Sunny Slope grayling
Arctic grayling are a unique fish because remnant populations were native to only two of the lower 48 states-Michigan and Montana. Grayling were apparently isolated in both of these areas by the last period of glaciers, which ended 10,000 to 12,000 years ago. Michigan's grayling were extinct by 1936, but Montana populations continue to persist in a fraction of their historic range. In fact, the only remaining native stream dwelling grayling population in the lower 48 states is found in the Big Hole River in southwest Montana. Declines in Montana's native grayling populations are attributable to:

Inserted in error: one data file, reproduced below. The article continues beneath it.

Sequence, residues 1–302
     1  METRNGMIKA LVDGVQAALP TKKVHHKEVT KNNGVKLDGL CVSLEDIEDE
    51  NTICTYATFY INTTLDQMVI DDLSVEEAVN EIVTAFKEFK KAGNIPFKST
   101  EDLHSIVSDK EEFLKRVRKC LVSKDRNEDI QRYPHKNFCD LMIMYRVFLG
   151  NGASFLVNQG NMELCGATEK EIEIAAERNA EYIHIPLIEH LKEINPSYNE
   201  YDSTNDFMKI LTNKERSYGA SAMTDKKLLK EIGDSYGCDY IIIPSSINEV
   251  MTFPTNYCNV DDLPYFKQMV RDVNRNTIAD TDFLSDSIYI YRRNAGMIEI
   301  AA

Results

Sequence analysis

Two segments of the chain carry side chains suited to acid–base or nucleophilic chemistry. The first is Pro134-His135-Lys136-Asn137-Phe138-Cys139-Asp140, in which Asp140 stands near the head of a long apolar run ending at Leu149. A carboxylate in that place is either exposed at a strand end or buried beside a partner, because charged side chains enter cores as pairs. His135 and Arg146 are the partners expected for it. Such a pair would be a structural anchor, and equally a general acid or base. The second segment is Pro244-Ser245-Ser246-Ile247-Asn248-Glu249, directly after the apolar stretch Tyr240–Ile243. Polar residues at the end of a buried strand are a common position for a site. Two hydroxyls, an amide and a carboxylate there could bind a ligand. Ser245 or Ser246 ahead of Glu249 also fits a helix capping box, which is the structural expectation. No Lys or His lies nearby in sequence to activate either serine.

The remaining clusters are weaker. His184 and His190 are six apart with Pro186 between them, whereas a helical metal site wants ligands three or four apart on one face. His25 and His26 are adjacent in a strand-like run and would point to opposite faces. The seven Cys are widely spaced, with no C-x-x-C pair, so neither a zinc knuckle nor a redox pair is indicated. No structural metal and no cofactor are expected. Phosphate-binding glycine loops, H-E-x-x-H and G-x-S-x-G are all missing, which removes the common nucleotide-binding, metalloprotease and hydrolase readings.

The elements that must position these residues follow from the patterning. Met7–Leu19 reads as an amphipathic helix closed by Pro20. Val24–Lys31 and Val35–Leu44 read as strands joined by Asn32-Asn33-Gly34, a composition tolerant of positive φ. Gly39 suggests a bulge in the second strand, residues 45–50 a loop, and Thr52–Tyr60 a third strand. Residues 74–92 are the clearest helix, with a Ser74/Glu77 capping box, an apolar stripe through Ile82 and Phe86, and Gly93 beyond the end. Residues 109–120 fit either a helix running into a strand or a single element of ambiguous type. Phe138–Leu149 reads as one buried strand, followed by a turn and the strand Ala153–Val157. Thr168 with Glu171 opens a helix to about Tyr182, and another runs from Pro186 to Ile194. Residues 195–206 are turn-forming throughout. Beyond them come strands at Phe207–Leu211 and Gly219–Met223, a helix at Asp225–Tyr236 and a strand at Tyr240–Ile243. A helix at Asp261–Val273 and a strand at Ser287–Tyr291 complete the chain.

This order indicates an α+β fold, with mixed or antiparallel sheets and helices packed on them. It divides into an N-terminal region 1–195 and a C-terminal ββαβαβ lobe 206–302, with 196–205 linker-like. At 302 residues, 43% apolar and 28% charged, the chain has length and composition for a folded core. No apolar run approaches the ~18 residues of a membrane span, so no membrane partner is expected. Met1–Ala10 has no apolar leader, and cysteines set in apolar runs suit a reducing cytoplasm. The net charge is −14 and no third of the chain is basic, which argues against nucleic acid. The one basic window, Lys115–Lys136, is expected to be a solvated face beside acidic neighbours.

- degradation of habitat, especially dewatering caused by irrigation;
- interactions with non-native salmonids (trout family); and
- overharvest by anglers.